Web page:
I liked the Banana Tree Canteen, I really did. Doesn’t mean to say it was anywhere near very good, but I liked it all the same. Their MO – blandified pan-Asian food at honest prices, trestle table dining, and quickfire service – is fair enough I suppose. There’s a demand for that kind of thing from semi-adventurous diners all over London and if you can get it right there’s money to be made. The owners of Wagamama will testify to that.
The problem is, the fledgling Banana Tree Canteen (four branches, two in construction) just isn’t very good at it. It’s all over the place, literally and metaphorically. Food comes from Cambodia, Thailand, Vietnam and Malaysia, via the prism of a Western palate and through a massively overworked kitchen. Cheap and cheerful décor favours the former half of the phrase much more (‘toilet’ signs on A4 paper, toilets themselves that give off an NHS feel) while the website’s ‘ambience’ section features a rotating selection of images intended to convey conviviality but that depict a guy seemingly about to slap his wife in one shot. The menu feels embarrassed to make any tangible claims, as if it knows the hustle they’ve got going on. Words like ‘pho’ come wrapped in quotation marks while their regional specialities are described as “authentic-style”.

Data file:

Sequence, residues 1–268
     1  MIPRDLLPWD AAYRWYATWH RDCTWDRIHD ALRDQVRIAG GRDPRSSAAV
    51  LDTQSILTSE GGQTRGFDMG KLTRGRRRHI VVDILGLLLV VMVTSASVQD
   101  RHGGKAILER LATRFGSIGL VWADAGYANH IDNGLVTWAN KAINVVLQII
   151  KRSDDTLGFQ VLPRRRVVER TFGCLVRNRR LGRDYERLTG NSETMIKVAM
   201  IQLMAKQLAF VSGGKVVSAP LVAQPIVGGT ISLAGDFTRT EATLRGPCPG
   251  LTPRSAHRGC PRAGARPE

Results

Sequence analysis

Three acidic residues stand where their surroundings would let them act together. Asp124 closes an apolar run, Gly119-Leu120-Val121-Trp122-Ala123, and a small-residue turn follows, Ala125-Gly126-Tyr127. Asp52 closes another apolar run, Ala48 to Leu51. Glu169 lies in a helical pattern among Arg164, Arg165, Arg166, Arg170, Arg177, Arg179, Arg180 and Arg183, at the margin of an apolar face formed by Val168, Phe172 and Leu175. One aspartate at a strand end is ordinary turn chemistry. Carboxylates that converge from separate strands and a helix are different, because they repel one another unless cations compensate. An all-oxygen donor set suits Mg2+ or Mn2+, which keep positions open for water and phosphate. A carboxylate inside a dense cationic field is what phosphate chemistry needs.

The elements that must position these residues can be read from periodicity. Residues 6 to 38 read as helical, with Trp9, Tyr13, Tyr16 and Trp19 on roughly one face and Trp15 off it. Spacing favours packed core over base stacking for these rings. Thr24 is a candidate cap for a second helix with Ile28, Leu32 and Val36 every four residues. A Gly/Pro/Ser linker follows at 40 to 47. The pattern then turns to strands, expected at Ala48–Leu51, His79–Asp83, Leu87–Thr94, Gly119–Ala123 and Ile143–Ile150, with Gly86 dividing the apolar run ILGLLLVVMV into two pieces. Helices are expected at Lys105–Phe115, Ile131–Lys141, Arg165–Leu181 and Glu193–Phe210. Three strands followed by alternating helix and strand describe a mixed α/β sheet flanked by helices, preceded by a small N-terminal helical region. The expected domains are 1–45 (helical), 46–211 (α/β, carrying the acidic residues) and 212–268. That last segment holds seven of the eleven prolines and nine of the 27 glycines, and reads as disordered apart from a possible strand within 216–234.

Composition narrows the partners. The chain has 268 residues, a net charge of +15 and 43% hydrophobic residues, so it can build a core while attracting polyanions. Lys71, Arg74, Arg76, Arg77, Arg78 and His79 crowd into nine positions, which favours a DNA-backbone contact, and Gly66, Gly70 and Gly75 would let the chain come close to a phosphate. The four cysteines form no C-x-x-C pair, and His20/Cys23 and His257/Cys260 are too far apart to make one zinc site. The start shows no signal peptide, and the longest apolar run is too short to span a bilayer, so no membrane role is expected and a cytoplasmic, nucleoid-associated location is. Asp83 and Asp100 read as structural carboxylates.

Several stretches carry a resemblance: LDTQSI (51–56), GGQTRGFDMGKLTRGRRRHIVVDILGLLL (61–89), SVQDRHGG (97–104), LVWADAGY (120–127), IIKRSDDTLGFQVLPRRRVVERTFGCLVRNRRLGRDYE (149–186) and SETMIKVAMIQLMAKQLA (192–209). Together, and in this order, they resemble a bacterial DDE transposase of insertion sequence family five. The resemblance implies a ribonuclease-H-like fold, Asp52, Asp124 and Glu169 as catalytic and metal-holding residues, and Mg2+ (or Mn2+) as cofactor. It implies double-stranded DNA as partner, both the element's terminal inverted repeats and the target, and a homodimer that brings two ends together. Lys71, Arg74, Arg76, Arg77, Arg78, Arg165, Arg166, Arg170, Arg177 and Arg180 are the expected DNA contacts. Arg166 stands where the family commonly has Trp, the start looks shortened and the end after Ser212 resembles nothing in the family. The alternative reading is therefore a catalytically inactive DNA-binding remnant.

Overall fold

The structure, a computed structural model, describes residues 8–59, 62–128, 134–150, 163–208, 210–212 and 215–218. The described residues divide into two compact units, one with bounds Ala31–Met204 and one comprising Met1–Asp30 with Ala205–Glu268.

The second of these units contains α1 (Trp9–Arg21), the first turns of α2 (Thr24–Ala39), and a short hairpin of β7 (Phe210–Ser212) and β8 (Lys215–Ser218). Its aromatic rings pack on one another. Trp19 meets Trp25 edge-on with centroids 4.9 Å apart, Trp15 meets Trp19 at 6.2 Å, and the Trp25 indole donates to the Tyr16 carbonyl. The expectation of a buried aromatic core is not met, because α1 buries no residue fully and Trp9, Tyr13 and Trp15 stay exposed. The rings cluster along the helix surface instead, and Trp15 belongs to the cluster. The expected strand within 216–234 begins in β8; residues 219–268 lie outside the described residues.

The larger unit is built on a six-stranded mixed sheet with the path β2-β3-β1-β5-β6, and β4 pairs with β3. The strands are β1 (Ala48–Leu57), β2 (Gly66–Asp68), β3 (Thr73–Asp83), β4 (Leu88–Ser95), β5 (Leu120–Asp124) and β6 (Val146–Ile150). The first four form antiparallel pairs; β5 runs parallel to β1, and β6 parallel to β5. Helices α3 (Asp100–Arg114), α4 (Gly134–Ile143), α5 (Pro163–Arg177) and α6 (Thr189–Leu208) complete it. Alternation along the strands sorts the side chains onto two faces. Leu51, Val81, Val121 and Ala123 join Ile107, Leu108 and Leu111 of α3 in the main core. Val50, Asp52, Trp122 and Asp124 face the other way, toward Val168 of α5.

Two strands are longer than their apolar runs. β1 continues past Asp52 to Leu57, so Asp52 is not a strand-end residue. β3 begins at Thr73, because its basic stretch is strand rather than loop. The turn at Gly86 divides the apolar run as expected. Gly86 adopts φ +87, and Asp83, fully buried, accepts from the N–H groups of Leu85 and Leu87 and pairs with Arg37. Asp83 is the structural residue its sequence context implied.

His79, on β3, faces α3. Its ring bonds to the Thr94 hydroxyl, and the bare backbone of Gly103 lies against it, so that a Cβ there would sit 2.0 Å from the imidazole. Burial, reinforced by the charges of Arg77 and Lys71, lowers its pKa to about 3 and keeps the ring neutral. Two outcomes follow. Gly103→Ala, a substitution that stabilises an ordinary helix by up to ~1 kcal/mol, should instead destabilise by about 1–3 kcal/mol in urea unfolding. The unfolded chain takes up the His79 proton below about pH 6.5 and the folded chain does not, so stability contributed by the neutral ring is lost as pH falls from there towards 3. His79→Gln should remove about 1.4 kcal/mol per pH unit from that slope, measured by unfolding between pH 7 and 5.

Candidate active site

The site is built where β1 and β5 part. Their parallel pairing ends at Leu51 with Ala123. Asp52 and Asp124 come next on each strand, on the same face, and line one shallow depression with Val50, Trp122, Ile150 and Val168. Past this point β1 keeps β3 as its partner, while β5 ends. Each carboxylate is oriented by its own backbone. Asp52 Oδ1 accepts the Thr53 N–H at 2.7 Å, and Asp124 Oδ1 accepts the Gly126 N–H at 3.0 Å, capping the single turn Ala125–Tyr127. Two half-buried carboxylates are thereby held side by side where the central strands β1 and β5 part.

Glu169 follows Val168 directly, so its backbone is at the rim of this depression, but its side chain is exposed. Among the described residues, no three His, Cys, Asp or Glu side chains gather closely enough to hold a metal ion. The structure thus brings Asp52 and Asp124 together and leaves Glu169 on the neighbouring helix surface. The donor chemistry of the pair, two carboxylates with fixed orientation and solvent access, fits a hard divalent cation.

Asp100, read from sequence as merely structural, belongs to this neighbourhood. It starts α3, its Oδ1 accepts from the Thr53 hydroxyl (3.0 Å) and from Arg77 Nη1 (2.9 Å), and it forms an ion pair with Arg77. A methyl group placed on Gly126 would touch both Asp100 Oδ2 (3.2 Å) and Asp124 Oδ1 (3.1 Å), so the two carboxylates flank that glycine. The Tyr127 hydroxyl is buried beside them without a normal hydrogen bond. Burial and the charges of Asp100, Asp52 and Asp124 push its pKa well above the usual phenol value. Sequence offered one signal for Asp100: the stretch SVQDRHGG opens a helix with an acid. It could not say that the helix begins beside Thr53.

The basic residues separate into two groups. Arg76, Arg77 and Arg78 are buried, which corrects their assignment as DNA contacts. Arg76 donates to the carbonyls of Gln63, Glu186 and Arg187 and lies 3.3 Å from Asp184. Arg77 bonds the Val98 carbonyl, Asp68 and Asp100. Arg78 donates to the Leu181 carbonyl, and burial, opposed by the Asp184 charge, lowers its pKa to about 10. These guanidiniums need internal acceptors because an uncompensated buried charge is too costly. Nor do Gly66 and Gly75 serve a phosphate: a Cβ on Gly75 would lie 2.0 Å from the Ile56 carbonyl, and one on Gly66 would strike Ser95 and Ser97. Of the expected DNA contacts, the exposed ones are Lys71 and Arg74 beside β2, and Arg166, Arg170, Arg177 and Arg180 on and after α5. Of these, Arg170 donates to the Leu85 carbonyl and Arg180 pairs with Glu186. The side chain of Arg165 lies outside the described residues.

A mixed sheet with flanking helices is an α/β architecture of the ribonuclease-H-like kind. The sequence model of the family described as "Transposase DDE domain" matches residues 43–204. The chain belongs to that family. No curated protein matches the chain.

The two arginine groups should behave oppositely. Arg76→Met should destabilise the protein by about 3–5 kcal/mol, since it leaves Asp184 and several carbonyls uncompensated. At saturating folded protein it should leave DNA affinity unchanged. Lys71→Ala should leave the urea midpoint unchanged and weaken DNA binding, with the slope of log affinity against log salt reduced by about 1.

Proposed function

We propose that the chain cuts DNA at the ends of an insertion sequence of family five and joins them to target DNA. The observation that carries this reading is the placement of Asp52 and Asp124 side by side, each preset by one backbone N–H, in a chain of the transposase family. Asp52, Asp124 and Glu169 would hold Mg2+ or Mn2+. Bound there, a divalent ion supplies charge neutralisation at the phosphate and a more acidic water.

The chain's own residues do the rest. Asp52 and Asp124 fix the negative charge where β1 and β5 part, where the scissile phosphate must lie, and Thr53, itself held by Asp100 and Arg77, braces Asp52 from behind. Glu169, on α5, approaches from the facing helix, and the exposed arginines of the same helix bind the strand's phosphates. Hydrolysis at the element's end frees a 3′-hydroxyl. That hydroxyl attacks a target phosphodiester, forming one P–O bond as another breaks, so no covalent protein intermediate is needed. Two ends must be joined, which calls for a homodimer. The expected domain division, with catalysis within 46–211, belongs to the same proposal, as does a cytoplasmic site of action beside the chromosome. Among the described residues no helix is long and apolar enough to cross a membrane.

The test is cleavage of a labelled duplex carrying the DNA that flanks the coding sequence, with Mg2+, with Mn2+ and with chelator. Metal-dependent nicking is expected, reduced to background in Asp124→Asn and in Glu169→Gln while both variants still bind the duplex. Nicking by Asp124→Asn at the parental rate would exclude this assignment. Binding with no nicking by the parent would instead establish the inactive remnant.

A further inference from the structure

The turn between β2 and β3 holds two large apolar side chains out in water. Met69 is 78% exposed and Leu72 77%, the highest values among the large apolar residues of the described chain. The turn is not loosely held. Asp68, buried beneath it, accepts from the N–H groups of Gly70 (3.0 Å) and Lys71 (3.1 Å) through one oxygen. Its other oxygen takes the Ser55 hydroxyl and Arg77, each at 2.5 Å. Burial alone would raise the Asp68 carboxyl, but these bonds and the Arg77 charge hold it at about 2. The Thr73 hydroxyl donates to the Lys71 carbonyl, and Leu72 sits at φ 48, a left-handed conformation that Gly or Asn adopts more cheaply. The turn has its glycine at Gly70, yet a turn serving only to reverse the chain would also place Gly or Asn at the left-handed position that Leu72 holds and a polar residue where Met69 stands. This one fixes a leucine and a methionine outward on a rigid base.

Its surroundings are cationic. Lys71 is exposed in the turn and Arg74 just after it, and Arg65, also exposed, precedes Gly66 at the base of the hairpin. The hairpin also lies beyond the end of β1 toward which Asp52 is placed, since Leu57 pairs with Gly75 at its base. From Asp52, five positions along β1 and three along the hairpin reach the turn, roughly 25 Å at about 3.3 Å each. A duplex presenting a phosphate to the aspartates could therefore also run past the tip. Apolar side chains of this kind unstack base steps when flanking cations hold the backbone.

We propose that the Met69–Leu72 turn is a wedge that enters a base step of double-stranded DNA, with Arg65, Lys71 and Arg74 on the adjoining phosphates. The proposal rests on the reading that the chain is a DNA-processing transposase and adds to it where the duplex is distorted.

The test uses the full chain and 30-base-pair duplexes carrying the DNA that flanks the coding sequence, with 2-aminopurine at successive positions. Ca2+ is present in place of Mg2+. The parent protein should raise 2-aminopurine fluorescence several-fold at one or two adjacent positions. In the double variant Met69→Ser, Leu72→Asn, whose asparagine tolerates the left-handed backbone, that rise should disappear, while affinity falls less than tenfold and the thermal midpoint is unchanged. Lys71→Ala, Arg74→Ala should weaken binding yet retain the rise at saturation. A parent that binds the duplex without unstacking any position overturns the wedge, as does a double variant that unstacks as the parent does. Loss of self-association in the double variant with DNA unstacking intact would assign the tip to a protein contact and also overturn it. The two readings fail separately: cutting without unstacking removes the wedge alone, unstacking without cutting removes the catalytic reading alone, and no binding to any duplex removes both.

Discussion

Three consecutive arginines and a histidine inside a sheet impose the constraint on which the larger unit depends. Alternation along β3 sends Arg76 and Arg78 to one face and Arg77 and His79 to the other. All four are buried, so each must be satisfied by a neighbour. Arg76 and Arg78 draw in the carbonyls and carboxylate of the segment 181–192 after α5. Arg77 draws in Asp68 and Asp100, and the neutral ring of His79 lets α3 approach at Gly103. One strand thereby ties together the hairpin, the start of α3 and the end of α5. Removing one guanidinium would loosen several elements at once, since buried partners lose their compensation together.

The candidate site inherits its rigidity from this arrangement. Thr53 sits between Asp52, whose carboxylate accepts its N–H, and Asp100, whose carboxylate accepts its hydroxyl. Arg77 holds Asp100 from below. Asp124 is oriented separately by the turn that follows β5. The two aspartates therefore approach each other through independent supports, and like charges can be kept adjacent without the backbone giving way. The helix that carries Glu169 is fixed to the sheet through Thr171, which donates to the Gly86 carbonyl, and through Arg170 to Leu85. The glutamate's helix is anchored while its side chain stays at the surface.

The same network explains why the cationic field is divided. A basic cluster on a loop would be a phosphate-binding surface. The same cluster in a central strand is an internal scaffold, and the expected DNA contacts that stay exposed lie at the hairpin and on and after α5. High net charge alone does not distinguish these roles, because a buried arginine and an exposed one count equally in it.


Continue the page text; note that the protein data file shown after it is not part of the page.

What hits you most, though, is the unashamed and unnecessary power of the flavours. Subtlety is chased off down the road with a massive stick at the Banana Tree Canteen, so both crispy tofu with nutty chilli and coriander salsa and aubergine with aromatic caramel sauce from the Let’s Begin! section smacked us upside the head with the kind of intense kick normally reserved for kids’ food. If that aromatic caramel sauce had made it to a McFlurry tasting session Ronald himself would have dismissed it as too potent. The aubergine never stood a chance. Gado-gado salad with satay sauce, meanwhile, was a lake of peanut purée with a few desperate strands of greenery waving for help from the gloop.
We skipped the opportunity to order unspecified “char grilled meat” and went for chilli pork and chicken bakar jawa, in my case accompanied with the £2.95 supplement special (not sufficient to share in a group, we were warned), a plateful of sesame glass noodle salad, sweet corn cakes (which were more like onion bhajis in their construction), prawn crackers and jasmine rice. The menu promised “yum!” and it was yum enough, especially for three quid. The pork, meanwhile, was a decent enough cut cooked about right, if smothered in comedic amounts of sauce once again.
The BTC is fine. If you want to spend fifteen-odd quid, feel like you’ve been dragged backwards through Asia in 30 minutes and leave with your jaw fused together by a variety of cloying concoctions, I’d suggest popping in.
Price per head: £18
Soundtrack: Generic background tunes
Clientele: North Londoners on their way somewhere else and a fearfully large amount of people dining solo.